I’m not crying – an experiment

“If I wait for stormy skies then you won’t know the rain from the tears in my eyes” The Everly Brothers

“you see my smile it’s out of place, look a little bit closer and it’s easy to trace the tracks of my tears” Smokey Robinson and the Miracles

“you wished me well, but you couldn’t tell that I’d been crying’ Roy Orbison

I’ve been carrying out an experiment for the past few months on what it is like to cry whenever you are just a little bit sad

On the 14th March I had laser eye surgery. I paid someone a significant amount of money to prop open my eyes and repeatedly fire lasers at them. I paid someone to do something that in the 60’s would have seemed like a particularly sinister thing for a James Bond villain to threaten. 

The operation was a success and I now have better than 20:20 vision and my eyes are recovering well. One of the side effects of the operation was that for a few months afterwards your eyes aren’t able to create and distribute moisture in the way you would expect. To keep your eyes moist you use ‘artificial tears’ (a bit like fancy eye drops) and things gradually improve until you are back to normal. 

About a fortnight after the operation I got something in my eye and instead of welling up nothing happened. I had to squirt lots of ‘artificial tears’ into them until I could get the object out. It was at this point I realised that I simply couldn’t cry. 

So I thought about the saddest thing I could and attempted to engineer a situation where I might cry. After a few minutes of reflecting on very bad things I had an emotional response and there was no matching physical response. I like experiments, this seemed like too good an opportunity to pass up.

We are conditioned (rightly or wrongly) to keep crying to a minimum. I was now in a position where I could cry in public and nobody would notice. I could be talking to someone in a coffee shop, be crying and the other person wouldn’t be aware – as long as I didn’t sob. As this would be the only time in my life that I’d experience this I thought I’d attempt to puzzle out the situations where I might cry if nobody was aware.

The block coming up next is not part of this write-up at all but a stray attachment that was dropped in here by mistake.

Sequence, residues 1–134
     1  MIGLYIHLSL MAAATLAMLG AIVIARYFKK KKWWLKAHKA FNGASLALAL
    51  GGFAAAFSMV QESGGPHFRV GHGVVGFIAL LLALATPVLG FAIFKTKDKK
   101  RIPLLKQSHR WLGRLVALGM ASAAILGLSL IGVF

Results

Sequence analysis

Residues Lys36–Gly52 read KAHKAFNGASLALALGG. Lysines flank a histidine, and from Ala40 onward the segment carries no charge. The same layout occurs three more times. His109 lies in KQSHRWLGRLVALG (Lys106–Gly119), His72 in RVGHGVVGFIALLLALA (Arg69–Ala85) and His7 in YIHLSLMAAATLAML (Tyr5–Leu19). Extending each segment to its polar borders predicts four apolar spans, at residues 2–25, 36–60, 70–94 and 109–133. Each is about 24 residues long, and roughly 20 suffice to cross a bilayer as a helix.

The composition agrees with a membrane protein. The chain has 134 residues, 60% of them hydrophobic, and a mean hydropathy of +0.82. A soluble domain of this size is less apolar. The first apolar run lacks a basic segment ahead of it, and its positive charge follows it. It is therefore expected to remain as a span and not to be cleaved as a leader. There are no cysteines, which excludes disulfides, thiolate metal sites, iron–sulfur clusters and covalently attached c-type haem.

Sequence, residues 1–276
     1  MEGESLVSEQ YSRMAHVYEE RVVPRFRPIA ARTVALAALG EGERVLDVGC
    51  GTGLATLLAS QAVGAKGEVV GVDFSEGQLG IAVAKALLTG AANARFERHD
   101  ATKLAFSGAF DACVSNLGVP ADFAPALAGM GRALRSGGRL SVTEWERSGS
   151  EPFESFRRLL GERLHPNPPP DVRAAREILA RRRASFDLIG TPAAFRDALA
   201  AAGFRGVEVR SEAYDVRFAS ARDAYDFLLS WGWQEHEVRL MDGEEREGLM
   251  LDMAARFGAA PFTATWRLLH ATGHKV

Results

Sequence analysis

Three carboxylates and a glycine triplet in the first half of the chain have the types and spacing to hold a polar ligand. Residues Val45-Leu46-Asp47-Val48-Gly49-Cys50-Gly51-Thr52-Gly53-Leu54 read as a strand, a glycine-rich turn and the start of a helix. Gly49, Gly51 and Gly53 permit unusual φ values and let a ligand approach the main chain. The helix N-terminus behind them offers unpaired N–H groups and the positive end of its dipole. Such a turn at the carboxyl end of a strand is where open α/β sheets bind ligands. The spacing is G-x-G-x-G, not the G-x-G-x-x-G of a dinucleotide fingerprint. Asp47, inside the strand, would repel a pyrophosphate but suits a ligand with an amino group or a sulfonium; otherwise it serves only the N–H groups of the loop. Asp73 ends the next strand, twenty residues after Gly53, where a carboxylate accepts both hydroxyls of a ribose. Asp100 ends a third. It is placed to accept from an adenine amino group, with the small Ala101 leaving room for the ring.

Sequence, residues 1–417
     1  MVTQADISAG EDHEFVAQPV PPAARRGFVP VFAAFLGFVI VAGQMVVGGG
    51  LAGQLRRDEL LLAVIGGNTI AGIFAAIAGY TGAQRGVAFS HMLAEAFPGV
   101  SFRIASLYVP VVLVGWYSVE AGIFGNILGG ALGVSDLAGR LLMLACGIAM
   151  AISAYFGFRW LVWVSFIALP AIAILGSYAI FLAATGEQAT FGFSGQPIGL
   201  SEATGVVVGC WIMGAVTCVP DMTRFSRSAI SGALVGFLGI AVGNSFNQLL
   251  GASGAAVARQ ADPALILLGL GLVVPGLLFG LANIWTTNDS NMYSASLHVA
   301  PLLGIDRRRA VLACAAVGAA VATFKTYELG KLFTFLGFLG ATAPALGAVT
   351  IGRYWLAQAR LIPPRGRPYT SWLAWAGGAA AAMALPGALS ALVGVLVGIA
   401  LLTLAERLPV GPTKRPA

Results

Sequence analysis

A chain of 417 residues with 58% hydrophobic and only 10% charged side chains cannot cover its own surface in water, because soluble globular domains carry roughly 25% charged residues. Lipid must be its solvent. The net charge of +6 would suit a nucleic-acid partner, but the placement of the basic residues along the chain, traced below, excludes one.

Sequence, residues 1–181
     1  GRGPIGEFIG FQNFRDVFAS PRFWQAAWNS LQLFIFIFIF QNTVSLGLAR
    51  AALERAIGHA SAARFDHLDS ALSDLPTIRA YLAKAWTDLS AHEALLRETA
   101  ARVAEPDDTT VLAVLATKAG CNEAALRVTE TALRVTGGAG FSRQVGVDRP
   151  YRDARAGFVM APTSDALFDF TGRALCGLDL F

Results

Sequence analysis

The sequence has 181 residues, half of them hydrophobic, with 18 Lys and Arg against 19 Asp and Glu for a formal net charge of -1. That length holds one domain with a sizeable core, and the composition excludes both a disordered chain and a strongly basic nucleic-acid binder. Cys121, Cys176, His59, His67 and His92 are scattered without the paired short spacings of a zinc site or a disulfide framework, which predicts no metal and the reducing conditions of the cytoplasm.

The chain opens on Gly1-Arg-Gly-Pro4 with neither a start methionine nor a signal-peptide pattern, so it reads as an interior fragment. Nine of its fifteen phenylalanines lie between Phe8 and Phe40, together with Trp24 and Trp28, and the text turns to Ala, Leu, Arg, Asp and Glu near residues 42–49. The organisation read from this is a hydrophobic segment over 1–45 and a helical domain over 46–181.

Context: I cry rarely. When people say ‘but we all know you cried when your first child was born! Everybody does!’. I didn’t. I’m not dead inside, but I have a high degree of self control. I’m don’t do crying. Or so I thought.

I found out how high my level of self control was it was by spending three months ‘ninja crying’ whenever I felt like I might want to.

Here are the situations when I found myself doing ninja crying

  • when I was working away for a few days and my daughter was worried I would forget her
  • when somebody explained a particularly unpleasant experience someone else had put them in
  • watching somebody else cry
  • when I saw a death in a recent blockbuster movie (it wasn’t even particularly well filmed)
  • when I get bad news about things happening to people I care about (primarily family)
  • when I hear about anything happening to children. The recent child abuse cases in the UK make me concerned enough about my daughter to cry
  • when somebody else opens up
  • just sitting on my own in a coffee shop when I thought about some of the above

Of the things I’ve listed above the only one that might normally make me cry is the bad news about people I care about. That means my TSI (tear suppression index) must be particularly high. It’s caused me to reflect on how genuine emotions we put on display are and how much they are simply what we consider to be a societally acceptable reaction to the situation we are in.

When are you making your true feelings ‘go ninja’? Would the world be a better (or worse) place if we all expressed stronger emotions with more regularity? It’s one to ponder.  

Two final points. Kate Griffiths-Lambeth pointed me in the direction of this fascinating article on types of tears and was also present a few weeks ago when I accidentally ate a big chunk of wasabi.

The level of wasabi consumed meant that I did manage to cry…despite medical science suggesting I shouldn’t be able to. We discussed whether starting training events with people eating wasabi to jerk them into alertness might be worth considering… 

The video below is worth a short amount of your time. It will make you realise the ridiculousness of hiding your emotions from others and contains the immortal line ‘my eyes are just a little sweaty today’. It’s so funny it could have you in tears. 

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